During the physical exam, your doctor will inspect your lower leg for tenderness and swelling. Your doctor might be able to feel a gap in your tendon if it has ruptured completely.
The doctor might ask you to kneel on a chair or lie on your stomach with your feet hanging over the end of the exam table. He or she might then squeeze your calf muscle to see if your foot will automatically flex. If it doesn’t, you probably have ruptured your Achilles tendon.
If there’s a question about the extent of your Achilles tendon injury — whether it’s completely or only partially ruptured — your doctor might order an ultrasound or MRI scan. These painless procedures create images of the tissues of your body.
Treatment for physical exam
Treatment for a ruptured Achilles tendon often depends on your age, activity level and the severity of your injury. In general, younger and more active people, particularly athletes, tend to choose surgery to repair a completely ruptured Achilles tendon, while older people are more likely to opt for nonsurgical treatment.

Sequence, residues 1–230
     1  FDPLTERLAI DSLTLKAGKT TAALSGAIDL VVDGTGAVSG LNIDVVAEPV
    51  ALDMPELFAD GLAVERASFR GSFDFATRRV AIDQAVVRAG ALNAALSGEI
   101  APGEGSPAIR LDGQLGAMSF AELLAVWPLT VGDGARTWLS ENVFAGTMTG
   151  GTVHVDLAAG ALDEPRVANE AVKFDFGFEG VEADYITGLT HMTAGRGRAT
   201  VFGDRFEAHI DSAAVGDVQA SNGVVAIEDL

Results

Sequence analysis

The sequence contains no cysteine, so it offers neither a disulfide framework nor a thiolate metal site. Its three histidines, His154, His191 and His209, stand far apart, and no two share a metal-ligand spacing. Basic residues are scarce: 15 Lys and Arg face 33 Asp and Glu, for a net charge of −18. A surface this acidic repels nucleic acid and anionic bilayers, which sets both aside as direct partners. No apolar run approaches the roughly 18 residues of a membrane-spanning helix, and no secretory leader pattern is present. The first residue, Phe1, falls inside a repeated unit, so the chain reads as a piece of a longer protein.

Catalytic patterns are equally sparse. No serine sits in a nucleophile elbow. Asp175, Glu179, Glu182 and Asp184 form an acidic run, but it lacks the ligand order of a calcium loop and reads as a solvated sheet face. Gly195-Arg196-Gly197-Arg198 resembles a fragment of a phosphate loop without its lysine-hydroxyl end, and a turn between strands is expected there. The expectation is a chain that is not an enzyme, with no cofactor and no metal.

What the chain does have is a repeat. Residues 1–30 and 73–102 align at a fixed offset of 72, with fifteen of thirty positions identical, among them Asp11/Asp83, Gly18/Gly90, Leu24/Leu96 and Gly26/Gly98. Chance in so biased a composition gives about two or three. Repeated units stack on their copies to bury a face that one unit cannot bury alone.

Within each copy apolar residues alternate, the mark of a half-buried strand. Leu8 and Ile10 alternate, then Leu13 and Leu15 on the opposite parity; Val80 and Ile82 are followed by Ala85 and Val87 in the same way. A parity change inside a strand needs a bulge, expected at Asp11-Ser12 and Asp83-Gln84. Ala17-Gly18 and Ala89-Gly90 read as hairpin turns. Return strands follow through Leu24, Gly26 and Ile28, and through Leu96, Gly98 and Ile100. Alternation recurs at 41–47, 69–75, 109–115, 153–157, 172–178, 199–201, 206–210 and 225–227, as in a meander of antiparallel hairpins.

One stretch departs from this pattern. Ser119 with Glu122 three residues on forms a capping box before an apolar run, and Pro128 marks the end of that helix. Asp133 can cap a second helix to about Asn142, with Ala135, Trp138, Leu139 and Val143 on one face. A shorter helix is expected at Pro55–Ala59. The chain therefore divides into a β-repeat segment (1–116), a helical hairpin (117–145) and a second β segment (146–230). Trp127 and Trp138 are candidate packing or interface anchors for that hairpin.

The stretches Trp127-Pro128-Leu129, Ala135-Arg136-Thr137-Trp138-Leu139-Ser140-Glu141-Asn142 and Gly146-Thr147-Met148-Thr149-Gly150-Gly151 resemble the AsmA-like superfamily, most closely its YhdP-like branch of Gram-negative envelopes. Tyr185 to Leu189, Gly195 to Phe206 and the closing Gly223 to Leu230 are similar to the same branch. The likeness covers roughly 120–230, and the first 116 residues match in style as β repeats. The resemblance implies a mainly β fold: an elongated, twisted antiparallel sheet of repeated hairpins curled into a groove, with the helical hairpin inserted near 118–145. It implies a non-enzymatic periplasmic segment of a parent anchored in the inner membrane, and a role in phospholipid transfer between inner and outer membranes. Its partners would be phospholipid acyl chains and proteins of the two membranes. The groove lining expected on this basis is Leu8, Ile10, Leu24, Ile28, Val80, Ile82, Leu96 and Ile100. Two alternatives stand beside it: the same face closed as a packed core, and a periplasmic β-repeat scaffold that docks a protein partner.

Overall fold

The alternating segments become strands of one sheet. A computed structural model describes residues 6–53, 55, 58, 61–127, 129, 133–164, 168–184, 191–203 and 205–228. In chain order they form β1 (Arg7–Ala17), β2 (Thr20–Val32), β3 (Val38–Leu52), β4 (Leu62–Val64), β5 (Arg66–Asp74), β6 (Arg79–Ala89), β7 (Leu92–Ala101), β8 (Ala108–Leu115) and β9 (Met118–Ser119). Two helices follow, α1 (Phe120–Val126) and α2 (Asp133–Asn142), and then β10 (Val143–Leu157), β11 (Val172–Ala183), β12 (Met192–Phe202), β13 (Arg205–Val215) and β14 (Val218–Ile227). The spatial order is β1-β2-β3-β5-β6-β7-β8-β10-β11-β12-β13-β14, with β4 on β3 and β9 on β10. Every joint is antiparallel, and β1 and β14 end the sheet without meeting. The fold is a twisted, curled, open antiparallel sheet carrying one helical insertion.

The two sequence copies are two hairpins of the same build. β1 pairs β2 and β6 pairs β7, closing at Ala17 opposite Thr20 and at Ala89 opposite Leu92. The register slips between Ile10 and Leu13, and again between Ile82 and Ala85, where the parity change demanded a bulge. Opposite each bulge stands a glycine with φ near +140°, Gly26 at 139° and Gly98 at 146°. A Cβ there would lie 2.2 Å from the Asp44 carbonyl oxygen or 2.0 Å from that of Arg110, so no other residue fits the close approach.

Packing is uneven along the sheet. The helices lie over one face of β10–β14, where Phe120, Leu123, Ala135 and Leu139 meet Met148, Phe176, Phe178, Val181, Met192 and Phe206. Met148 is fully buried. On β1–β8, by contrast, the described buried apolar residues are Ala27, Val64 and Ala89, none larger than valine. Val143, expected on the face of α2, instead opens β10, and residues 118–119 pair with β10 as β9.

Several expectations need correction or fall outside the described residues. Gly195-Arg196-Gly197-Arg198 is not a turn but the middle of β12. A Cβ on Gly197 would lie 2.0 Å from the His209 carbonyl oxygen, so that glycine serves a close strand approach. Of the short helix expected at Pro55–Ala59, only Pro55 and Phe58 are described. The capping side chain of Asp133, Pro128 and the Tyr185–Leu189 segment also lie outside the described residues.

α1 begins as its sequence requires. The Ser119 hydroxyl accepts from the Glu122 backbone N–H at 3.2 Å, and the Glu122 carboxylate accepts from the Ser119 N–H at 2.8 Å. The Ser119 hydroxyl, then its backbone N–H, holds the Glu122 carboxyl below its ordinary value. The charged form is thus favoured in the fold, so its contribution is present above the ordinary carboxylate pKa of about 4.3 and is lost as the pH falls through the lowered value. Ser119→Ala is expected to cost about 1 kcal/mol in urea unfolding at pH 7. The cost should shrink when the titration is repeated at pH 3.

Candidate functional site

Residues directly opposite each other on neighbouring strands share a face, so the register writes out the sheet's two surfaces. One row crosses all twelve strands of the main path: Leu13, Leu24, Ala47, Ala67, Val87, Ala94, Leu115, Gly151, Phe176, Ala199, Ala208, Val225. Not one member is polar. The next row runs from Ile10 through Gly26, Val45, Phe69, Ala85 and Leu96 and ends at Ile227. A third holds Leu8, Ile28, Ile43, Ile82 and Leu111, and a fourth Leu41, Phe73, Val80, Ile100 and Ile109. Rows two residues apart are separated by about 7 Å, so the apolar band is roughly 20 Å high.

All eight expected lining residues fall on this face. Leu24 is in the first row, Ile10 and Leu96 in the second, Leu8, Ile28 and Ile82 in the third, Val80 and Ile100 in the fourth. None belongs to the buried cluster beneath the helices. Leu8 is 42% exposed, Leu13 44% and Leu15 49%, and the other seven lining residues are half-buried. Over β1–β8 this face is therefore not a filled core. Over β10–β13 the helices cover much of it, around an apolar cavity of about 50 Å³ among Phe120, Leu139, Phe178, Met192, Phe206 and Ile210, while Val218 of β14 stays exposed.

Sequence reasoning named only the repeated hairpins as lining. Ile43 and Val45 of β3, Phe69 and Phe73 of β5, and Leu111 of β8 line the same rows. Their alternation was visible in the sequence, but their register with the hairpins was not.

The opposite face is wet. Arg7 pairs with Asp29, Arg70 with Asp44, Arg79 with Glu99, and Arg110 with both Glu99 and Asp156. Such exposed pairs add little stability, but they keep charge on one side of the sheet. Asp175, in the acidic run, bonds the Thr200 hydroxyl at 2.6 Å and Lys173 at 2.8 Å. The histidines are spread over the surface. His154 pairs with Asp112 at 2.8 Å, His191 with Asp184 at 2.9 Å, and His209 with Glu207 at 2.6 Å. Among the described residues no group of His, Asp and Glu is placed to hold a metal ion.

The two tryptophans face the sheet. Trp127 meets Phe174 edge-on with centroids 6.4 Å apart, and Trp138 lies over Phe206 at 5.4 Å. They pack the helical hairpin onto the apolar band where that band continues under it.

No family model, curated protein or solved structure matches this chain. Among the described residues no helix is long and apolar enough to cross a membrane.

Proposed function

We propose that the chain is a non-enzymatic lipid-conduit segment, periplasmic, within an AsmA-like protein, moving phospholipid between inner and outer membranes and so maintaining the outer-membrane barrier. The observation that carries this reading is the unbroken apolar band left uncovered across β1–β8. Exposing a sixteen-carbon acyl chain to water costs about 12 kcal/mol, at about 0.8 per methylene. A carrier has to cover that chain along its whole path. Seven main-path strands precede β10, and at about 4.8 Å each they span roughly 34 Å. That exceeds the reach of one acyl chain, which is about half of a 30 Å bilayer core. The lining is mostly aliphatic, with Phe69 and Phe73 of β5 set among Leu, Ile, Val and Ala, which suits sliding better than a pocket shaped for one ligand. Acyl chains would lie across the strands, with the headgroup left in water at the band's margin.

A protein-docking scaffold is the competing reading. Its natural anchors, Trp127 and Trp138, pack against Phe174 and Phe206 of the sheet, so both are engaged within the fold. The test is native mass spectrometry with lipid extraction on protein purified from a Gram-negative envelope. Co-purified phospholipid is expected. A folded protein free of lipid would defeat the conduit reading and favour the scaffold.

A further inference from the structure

Recent studies, however, have shown fairly equal effectiveness of both surgical and nonsurgical management.
This approach typically involves:
- Resting the tendon by using crutches
- Applying ice to the area
- Taking over-the-counter pain relievers
- Keeping the ankle from moving for the first few weeks, usually with a walking boot with heel wedges or a cast, with the foot flexed down
Nonoperative treatment avoids the risks associated with surgery, such as infection.
However, a nonsurgical approach might increase your chances of re-rupture and recovery can take longer, although recent studies indicate favorable outcomes in people treated nonsurgically if they start rehabilitation with weight bearing early.
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